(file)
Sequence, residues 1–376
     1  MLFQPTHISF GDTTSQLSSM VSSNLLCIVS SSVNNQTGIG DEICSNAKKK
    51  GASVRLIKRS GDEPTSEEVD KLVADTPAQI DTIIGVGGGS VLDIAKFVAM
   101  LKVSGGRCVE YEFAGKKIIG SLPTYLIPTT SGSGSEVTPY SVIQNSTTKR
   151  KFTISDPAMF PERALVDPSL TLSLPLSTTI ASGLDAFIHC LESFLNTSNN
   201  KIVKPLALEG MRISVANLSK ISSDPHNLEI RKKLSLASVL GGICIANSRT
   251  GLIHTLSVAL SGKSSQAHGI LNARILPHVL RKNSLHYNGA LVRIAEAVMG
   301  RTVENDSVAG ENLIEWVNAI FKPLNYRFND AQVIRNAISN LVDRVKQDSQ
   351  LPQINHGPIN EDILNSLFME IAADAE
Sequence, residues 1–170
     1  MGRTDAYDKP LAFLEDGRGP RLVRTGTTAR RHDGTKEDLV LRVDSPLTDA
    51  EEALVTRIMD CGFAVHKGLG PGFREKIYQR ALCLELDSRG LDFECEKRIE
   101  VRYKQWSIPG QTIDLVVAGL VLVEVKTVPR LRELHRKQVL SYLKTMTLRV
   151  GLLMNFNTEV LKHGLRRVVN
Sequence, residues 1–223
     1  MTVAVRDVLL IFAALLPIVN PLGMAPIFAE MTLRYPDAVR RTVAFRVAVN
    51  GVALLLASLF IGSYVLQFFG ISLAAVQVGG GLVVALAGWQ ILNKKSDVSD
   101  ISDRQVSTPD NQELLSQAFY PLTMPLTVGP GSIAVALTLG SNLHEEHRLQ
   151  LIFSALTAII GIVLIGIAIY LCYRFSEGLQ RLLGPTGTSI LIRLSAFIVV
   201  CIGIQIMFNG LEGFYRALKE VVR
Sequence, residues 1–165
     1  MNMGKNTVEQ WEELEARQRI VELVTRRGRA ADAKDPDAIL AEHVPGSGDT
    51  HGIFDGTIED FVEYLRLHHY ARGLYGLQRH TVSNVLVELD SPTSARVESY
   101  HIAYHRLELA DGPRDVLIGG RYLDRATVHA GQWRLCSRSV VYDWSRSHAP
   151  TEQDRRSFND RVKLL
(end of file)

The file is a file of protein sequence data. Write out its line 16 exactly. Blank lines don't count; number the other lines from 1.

     1  MTVAVRDVLL IFAALLPIVN PLGMAPIFAE MTLRYPDAVR RTVAFRVAVN